28 Modifying the Default REST Implementation

You can change the default behavior of the Coherence REST implementation.

This chapter includes the following sections:

Using the Pass-Through Resource

Coherence REST includes a resource implementation that enables pass-through access to caches. The resource allows static binaries such as graphics to be cached. The resource is implemented in the PassThroughRootResource class and is registered using the PassThroughResourceConfig class.

To use the pass-through resource in an application, modify the proxy service definition in the cache configuration file and add the fully qualified name of the PassThroughResourceConfig class within the <resource-config> element. The resource is mapped to a specific context path or the default path (/) if no context is defined. The following example registers the resource and uses /cache as the context path. Any cache resources that are defined in the coherence-rest-config.xml configuration file are prefixed with /cache/ in the URL.

<proxy-scheme>
   <service-name>HttpProxyService</service-name>
   <acceptor-config>
      <http-acceptor>
         ...
         <resource-config>
            <context-path>/cache</context-path>
            <instance>
               <class-name>com.tangosol.coherence.rest.server.PassThroughResourceConfig</class-name>
            </instance>
         </resource-config>
      </http-acceptor>
   </acceptor-config>
   <autostart>true</autostart>
</proxy-scheme>

Likewise, the ContainerPassThroughResourceConfig class, which is an extension of the PassThroughResourceConfig class, is used for container deployments of Coherence REST when pass-through is required. The resource is configured in the Web application deployment descriptor included in the Coherence REST application.

<web-app>
   ...
   <listener>
      <listener-class>
         com.tangosol.coherence.rest.servlet.DefaultServletContextListener
      </listener-class>
   </listener>
   <servlet>
      <servlet-name>Coherence REST</servlet-name>
      <servlet-class>org.glassfish.jersey.servlet.ServletContainer
      </servlet-class>
      <init-param>
         <param-name>javax.ws.rs.Application</param-name>
         <param-value>
            com.tangosol.coherence.rest.server.ContainerPassThroughResourceConfig
         </param-value>
      </init-param>
      <load-on-startup>1</load-on-startup>
   </servlet>
   <servlet-mapping>
      <servlet-name>Coherence REST</servlet-name>
      <url-pattern>/rest/*</url-pattern>
    </servlet-mapping>
      ...
</web-app>

Using Custom Providers and Resources

Custom providers and resources can be created as required. This section demonstrates how to register custom providers, and how to override Coherence's default root resource.

The com.tangosol.coherence.rest.server.DefaultResourceConfig class supports package scanning, which can be used to register custom providers or resources. The following example demonstrates registering a custom provider and resource using package scanning:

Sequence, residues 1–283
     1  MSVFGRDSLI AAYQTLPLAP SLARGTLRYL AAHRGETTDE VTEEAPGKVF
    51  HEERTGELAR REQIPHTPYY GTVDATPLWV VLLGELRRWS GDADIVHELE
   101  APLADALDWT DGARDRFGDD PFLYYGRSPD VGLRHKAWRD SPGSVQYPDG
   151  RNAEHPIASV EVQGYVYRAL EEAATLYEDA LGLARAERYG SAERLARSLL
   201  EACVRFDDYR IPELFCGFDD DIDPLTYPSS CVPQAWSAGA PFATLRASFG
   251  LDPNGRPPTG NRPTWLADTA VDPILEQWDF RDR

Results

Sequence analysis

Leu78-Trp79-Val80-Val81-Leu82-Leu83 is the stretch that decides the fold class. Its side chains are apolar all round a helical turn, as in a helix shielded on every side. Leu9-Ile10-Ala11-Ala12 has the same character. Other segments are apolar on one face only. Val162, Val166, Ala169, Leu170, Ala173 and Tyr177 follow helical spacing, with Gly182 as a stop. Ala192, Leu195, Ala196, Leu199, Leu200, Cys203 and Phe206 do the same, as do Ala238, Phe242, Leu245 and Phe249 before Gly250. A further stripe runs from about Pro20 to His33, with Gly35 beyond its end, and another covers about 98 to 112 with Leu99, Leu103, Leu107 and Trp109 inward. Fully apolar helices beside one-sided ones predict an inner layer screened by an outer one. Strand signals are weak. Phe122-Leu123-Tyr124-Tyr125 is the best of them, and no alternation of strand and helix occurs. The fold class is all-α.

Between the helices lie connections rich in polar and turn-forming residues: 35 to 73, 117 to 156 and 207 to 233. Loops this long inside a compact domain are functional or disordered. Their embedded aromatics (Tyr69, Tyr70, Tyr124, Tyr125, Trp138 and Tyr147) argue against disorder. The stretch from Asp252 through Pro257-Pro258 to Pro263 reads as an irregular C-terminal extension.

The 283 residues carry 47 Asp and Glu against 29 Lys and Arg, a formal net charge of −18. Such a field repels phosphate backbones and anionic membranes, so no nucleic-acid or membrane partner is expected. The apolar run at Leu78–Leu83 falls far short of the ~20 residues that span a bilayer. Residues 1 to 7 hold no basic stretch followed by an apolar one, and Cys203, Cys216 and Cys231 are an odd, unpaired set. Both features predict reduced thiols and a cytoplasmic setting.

public class MyResourceConfig  extends DefaultResourceConfig
   {
   public MyResourceConfig()
      {
      super("com.my.providers;com.my.resources");
      }
   }

As an alternative, the following example demonstrates how to override one or more of the register methods defined in the DefaultResourceConfig class in order to use custom providers, a custom root resource, or to add filters and filter factories.

Note:

Never override (unregister) Coherence default Providers without overriding the root resource class as well (the DefaultRootResource class depends on the default providers to provide the necessary dependencies and configuration).

public class MyResourceConfig  extends DefaultResourceConfig
    {
    protected void registerRootResource()
        {
        // remove if you don't want Coherence defaults to be registered
        super.registerRootResource(); 
        getClasses().add(MyRootResource.class);
        }
 
    protected void registerProviders()
        {
        // remove if you don't want Coherence defaults to be registered
        super.registerProviders();
        getSingletons().add(new MyProvider());
        }
 
    protected void registerContainerRequestFilters()
        {
        // remove if you don't want Coherencedefaults to be registered
        super.registerContainerRequestFilters();
        getContainerRequestFilters().add(new MyRequestFilter());
        }
 
    protected void registerContainerResponseFilters()
        {
        // remove if you don't want Coherence defaults to be registered
        super.registerContainerResponseFilters();
        getContainerResponseFilters().add(new MyResponseFilter());
        }
 
    protected void registerResourceFilterFactories()
        {
        // remove if you don't want Coherence defaults to be registered
        super.registerResourceFilterFactories();